Despite recently providing instructional material to its employees that taught them to “be less white,” the Coca-Cola company is seemingly running away from its own history and creator: slave owning Confederate Army colonel and morphine addicted John Pemberton.
Over a century before the company would become derided for purchasing an anti-white curriculum for its employees, Coca-Cola was invented by Pemberton, who – having sustained a devastating sabre wound while fighting for the Confederacy during the Civil War – was addicted to morphine, and hoped the carbonated beverage would cure his addiction.
Prior to the Civil War, Pemberton married Anna Eliza Clifford Lewis, the daughter of a prominent Georgia plantation owner. In 1854, Pemberton and his wife gave birth two a child, prompting her father to sell the young couple two slaves to assist with the raising of the child. Pemberton was also noted as owning a 20-year-old female slave in the 1860 Slave Schedule, suggesting he may have owned more than the two sold to him by his father-in-law.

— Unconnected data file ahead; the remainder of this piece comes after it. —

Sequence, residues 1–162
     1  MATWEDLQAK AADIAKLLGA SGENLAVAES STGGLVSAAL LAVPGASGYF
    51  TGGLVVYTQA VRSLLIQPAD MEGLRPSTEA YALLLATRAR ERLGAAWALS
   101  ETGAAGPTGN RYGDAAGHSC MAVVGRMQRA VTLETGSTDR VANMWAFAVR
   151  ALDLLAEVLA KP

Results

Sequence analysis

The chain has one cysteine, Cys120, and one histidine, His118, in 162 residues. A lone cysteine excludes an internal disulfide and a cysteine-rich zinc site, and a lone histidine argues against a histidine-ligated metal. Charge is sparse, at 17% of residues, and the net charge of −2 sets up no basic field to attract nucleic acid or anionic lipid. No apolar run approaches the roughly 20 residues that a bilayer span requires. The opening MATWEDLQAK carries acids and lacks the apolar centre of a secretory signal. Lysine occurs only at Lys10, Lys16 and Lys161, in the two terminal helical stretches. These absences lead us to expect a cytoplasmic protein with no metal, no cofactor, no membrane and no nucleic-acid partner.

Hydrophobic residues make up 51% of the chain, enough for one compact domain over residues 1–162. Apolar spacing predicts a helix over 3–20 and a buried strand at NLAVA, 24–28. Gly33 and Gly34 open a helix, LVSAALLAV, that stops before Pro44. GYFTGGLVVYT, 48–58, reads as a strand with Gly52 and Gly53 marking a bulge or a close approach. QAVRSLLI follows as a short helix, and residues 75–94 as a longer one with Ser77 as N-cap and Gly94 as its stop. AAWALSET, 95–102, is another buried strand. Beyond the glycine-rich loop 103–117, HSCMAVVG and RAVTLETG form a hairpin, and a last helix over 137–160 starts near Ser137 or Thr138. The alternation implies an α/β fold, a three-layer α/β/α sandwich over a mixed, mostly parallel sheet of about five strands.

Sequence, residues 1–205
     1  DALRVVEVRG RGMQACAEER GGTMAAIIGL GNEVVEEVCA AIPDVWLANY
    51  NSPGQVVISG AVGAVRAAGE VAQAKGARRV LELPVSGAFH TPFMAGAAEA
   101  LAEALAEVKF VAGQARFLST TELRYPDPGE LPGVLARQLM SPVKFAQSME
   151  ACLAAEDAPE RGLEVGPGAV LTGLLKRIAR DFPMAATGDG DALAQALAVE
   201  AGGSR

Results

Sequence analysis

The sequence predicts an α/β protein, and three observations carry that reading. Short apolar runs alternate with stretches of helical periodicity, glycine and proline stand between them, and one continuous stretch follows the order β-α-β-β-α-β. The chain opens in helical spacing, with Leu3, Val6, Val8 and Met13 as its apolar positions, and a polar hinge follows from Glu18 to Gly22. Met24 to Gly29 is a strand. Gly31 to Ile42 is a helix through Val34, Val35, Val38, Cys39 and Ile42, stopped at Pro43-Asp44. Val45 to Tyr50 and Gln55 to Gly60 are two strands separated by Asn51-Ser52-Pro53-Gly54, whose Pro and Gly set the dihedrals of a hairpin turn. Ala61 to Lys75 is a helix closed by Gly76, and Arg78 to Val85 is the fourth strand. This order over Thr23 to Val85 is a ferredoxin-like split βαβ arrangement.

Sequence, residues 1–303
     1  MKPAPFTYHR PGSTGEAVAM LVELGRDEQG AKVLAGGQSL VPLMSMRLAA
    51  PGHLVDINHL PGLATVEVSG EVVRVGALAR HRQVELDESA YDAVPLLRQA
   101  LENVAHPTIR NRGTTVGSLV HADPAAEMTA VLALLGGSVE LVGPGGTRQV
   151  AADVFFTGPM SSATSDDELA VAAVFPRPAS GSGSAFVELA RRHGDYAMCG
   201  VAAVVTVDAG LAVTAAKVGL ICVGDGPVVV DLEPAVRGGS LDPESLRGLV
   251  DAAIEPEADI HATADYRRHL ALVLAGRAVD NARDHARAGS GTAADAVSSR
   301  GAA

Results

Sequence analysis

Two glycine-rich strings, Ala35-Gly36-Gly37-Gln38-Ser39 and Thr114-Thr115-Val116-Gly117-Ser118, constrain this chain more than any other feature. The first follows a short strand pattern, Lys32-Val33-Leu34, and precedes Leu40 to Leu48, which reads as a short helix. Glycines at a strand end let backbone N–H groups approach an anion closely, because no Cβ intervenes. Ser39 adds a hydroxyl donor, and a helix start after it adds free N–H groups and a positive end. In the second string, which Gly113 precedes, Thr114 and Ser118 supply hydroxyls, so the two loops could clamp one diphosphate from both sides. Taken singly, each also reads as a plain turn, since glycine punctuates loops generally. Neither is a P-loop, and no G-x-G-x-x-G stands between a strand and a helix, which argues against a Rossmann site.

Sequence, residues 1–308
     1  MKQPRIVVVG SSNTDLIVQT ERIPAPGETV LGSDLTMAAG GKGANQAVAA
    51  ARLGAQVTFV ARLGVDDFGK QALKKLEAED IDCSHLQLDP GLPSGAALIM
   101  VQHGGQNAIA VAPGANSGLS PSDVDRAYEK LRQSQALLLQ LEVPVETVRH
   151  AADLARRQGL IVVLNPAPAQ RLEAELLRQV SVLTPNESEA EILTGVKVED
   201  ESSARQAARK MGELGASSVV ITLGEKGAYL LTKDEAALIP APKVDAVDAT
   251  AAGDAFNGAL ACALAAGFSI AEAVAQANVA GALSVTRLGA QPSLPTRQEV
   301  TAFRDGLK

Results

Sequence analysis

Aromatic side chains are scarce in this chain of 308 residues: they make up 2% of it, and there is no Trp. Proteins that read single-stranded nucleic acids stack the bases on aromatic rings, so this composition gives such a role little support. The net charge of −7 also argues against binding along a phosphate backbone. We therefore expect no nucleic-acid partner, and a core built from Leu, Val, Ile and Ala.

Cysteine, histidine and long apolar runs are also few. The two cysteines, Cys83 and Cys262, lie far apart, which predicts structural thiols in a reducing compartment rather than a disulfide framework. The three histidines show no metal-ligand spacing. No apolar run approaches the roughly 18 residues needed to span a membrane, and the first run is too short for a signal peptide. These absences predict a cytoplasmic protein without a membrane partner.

Pemberton, and aspiring pharmacist and drug inventor, believed Coca-Cola could help him overcome his addiction to morphine, something he became dependent on after sustaining a saber injury during the Battle of Columbus, Georgia, during the Civil War.